It is fashionable among Vatican insiders to
say, “The next pope is not yet a cardinal.” For one thing, it relieves
the speaker of the burden of identifying a candidate among the present
crop. (According to some reports, John Paul himself recently joked that
his successor did not yet have a red hat).
|A perceptive colleague
recently observed that when I write about cardinals in this column, I almost
always tip them as papabili — that is, candidates to be pope. Aren’t
there any cardinals, my colleague wondered, that I don’t see as
Recent events offer me
the chance to discuss three such men this week: Joseph Ratzinger, prefect
of the Congregation for the Doctrine of the Faith; Carlo Maria Martini,
archbishop of Milan; and Giacomo Biffi , archbishop of Bologna. All are
strong leaders with solid intellectual credentials and a high media profile,
and each could fill the “shoes of the fisherman.” Yet I suspect none is
likely to be elected, though Ratzinger and Martini may draw a smattering
of votes on early ballots.
Why? Because all three
are divisive figures. Each would make a strong pope, leaving a clear personal
imprint on the church. They could not help but be so; it is, like the story
of the scorpion and the frog, in their nature. The result would be further
polarization, further division, further acrimony. I believe that after
the long Wojtyla papacy, itself quite divisive, many cardinals want a period
of calm. This doesn’t mean a weak pope, but a more unifying and pastoral
figure who would let the church “breathe.”
(Note to readers: save
this column. You may want to remind me of it if one of these guys is elected!)
* * *
I saw Ratzinger recently
at the presentation of a new book by author Giuseppe Romano, entitled
Opus Dei: Il Messaggio, le Opere, le Persone (Opus Dei: The Message,
The Works, The People, San Paolo, 2002). Ratzinger is a fan of the
founder of Opus Dei, Spanish priest Josemaría Escrivá de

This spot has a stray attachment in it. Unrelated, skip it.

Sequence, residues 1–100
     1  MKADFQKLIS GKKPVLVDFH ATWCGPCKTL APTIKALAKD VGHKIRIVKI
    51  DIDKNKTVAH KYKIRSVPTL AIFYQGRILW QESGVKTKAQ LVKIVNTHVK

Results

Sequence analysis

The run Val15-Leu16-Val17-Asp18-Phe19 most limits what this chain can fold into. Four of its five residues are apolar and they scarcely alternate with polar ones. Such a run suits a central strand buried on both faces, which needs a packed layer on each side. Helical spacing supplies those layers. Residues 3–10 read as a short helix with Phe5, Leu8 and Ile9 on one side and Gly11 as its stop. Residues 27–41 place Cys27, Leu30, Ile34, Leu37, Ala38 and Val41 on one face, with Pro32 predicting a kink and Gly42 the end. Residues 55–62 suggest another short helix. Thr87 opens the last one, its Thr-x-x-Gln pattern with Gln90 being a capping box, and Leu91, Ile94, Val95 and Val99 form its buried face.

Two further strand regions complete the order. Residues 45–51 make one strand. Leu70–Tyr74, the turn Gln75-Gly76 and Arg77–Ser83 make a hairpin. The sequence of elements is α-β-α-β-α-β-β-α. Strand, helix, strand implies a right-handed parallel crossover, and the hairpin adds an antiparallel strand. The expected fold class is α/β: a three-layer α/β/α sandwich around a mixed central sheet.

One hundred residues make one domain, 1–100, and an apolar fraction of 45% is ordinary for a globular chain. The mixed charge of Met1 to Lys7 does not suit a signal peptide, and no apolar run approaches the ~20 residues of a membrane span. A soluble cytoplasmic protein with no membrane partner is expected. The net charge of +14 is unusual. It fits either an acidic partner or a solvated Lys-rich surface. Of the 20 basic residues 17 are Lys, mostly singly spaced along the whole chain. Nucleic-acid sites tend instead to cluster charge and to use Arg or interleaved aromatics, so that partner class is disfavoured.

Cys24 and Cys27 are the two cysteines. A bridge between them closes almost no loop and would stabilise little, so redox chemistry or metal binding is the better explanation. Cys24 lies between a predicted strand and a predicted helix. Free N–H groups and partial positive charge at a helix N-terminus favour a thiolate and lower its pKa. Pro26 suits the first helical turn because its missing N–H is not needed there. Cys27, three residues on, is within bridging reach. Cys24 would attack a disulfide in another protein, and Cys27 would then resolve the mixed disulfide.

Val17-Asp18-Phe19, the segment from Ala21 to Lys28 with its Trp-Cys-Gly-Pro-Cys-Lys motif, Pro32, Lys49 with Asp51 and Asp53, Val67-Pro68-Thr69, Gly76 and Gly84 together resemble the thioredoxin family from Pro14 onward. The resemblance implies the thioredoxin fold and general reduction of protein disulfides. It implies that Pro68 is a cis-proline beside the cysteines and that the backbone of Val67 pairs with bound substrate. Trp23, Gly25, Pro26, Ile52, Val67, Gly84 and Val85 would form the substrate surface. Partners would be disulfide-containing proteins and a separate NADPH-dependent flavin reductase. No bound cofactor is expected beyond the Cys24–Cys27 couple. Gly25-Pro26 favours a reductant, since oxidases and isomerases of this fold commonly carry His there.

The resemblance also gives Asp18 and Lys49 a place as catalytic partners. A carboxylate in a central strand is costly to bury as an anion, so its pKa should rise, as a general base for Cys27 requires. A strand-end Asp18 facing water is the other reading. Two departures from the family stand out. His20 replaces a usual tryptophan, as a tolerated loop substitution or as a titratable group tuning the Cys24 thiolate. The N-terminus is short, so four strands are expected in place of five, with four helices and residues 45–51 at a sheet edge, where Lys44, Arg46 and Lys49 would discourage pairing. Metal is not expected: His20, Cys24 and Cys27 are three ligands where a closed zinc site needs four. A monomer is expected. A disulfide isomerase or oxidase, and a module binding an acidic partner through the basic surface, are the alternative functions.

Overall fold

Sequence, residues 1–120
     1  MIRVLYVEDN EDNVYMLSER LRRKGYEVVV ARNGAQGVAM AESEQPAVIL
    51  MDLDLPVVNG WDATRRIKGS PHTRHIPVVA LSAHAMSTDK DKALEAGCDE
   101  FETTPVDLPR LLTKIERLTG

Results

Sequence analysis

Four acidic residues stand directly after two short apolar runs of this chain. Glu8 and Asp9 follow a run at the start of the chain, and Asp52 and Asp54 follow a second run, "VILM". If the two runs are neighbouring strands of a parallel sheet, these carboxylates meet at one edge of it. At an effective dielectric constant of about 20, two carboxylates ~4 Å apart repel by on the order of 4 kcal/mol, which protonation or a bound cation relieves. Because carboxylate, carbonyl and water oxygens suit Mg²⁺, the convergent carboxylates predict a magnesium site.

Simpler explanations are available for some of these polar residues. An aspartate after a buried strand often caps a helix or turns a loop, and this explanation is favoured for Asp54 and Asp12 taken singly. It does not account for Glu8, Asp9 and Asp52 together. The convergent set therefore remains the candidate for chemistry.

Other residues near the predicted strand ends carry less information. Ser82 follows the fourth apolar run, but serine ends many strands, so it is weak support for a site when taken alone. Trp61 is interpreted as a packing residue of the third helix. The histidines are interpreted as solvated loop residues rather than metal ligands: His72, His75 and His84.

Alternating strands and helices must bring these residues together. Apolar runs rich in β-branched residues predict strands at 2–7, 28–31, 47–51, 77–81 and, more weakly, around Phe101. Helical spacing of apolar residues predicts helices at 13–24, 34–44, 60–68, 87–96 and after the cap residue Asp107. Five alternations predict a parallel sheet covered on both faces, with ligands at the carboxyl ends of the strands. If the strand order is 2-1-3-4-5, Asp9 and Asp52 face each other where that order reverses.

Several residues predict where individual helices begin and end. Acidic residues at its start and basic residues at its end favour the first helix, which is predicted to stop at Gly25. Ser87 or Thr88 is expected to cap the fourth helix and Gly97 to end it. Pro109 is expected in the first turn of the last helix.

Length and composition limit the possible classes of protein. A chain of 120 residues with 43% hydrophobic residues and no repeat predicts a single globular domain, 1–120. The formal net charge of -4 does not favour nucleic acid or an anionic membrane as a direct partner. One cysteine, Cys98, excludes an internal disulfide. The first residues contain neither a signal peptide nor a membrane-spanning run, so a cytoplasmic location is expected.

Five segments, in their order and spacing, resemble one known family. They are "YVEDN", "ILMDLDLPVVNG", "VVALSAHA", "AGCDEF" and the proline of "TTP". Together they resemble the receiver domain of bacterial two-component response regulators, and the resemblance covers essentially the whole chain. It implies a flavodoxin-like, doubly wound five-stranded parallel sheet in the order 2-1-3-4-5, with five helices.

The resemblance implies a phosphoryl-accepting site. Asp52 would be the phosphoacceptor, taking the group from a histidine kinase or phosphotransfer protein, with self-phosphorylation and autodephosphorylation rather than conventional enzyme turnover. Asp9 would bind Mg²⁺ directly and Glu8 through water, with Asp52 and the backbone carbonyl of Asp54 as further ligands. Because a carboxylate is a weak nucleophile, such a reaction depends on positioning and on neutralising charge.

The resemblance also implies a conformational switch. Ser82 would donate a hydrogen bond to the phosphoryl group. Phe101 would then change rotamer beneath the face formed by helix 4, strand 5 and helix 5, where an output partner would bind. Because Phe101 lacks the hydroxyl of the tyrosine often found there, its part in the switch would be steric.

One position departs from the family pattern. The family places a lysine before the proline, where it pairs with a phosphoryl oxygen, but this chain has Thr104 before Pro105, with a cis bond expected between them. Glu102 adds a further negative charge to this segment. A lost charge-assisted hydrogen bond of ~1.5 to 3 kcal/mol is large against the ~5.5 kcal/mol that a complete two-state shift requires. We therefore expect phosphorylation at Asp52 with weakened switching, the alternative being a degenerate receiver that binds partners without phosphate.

Balaguer, set to be canonized Oct. 6. The book launch took place at the
Augustinianum, just down the Via Paolo VI from the Holy Office, where Ratzinger
Ratzinger, who turns
75 on April 16, is weaker than when he took up his post 20 years ago. He
has spoken wistfully about retiring to his home in Regensburg in Bavaria.
In recent months he has turned over major chunks of responsibility to his
lieutenant, Italian Archbishop Tarcisio Bertone. Yet he was in good form
at the Opus Dei event, speaking without a prepared text in polished Italian.
The cardinal devoted
the gist of his talk to his admiration for the implied significance of
the phrase “Opus Dei,” which means “Work of God.” Escrivá, Ratzinger
suggested, realized that he was not doing his own work, but God’s. His
task was to be an instrument.
this attitude with what he called a “temptation of our time, also among
Christians,” to believe that after the “Big Bang” God withdrew from the
world and left things to function on their own. But God is not withdrawn,
Ratzinger insisted. We simply have to learn to put ourselves at God’s disposition,
and that is the “message of very great importance” which Ratzinger attributed
Ratzinger also praised
Escrivá for his “absolute fidelity to the great tradition of the
church,” while at the same time being open to the “great challenges of
the world” in universities and various professional environments.
Ratzinger closed with
an uncharacteristic personal touch. He confessed, as friends and students
already knew, that he is a cat lover. Noting that the book on Opus Dei
has a small chapter entitled the “invisible cat,” he joked that he was
especially pleased with that section. (The reference, by the way, is to